Horns honked and chants filled the streets as several dozen cars rode through downtown Nashville today for a “car parade” protest, urging officials to release more inmates from the county’s jails.
The sheriff, district attorney and public defender have been working together since mid-March to reduce the jail population, to minimize the risk of an unmanageable outbreak of COVID-19. The number of people in custody has dropped 20% since the first case of the coronavirus was reported in the state, from 1,245 on March 5 to 994 on Friday, according to the Davidson County Sheriff’s Office.
But criminal justice reform advocates say local leaders haven’t done enough to prevent a large-scale outbreak of COVID-19 behind bars. That’s why they took to the streets today.
Jails & prisons pose a serious risk to public safety due to the impossibility of physical distancing. Families are terrified for their incarcerated loved ones. Esp during this moment, we must shift resources away from incarceration towards the needs of community. #DecarcerateNow pic.twitter.com/fD77iDQWsz
— Free Hearts (@freeheartsorg) April 24, 2020
“Public safety and public health are tied into each other,” says MarTaze Gaines, a community organizer with Nashville’s chapter of Southerners on New Ground.
Gaines says releasing people from jail won’t necessarily put the public’s safety at risk — many people are stuck in jail pretrial because they can’t afford bail. The public defender’s office said in a press release earlier this month that more than 80% of people detained in Nashville’s jails have not been convicted of a crime.
“They are human,” he says. “These are humans that also deserve a fighting chance and don’t deserve to have a death sentence for the coronavirus.”
Gaines was disappointed when the General Sessions Court decided earlier this month to rule against an emergency motion filed by the public defender’s office, asking judges to release many inmates being held pretrial. Instead, the court said it would be safest to allow the DA’s office to review cases one by one, to ensure that those released don’t pose a serious threat. The DA has authorized the release of several dozen inmates from a list of low-level offenders compiled by the sheriff and public defender.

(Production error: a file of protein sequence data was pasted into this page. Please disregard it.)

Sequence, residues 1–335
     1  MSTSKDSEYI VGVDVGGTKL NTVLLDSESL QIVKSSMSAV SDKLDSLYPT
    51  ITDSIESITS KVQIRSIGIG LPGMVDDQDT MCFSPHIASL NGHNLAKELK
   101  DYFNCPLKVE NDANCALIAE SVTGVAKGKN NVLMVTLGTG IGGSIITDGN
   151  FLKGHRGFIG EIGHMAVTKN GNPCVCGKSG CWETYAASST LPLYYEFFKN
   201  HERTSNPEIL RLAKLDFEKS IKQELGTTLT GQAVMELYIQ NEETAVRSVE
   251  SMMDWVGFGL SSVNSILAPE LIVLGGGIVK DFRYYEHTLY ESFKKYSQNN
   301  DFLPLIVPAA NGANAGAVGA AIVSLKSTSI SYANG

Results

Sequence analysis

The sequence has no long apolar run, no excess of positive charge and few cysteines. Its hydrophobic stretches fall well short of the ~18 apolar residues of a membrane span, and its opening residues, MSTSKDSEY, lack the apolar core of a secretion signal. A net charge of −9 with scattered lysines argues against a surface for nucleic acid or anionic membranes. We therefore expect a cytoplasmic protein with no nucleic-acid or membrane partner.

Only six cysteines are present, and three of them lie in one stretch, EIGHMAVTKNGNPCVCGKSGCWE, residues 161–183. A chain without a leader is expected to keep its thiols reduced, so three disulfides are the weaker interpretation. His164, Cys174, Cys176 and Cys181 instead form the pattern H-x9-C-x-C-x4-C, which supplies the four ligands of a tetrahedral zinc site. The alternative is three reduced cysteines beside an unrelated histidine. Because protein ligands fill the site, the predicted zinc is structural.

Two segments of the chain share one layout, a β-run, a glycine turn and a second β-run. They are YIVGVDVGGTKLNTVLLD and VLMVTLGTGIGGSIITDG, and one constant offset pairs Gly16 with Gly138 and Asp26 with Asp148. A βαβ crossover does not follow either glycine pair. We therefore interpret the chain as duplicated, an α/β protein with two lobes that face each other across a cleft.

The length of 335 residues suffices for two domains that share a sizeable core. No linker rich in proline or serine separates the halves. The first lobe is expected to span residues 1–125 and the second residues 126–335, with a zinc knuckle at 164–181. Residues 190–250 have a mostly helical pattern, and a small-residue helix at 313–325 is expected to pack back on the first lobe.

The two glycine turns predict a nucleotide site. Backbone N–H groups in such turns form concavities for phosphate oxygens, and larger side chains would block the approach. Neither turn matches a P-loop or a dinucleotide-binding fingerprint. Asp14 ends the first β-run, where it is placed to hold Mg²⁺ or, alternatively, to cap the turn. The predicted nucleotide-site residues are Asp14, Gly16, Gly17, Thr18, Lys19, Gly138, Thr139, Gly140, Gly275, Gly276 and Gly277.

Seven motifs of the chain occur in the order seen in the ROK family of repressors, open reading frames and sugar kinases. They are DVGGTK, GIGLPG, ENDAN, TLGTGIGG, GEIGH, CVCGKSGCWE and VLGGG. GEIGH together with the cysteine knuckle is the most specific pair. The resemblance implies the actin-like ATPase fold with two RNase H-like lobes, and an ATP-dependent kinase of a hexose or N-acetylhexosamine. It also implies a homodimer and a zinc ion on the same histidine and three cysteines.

But as the number of people in jail has shrunk, the number of coronavirus cases has gradually increased. Nine sheriff’s office employees and 11 inmates have tested positive. More than 120 have been isolated from the general population, either because they’re sick or may have been exposed to the virus.
Still, Nashville’s jails are actually better off than many others in the state. The Sycamore Institute recently found that, in the weeks before COVID-19 made its way to Tennessee, 60% of jails throughout the state were near or above capacity. And the more crowded a jail is, the more difficult it is for those inside to practice social distancing.
According to a report released this week by the ACLU, in partnership with the University of Tennessee, the coronavirus could kill about 100,000 more Americans than expected if jail populations don’t dramatically decrease. Researcher founds that jails are a particularly powerful spreader of the virus, because both inmates and staff are frequently cycling in and out.
“The death toll will likely be significant — both in Tennessee jails and in our community beyond — if dramatic steps aren’t taken quickly to reduce the number of people behind bars,” ACLU of Tennessee Executive Director Hedy Weinberg said in a statement. “We know that many Tennessee jails are overcrowded and we are hearing reports of inadequate social distancing and a lack of access to soap, hand sanitizer and PPE in Tennessee jails and prisons. Numerous public health experts have warned that coronavirus infections inside jails and prisons will inevitably spread into the community, as this data shows.”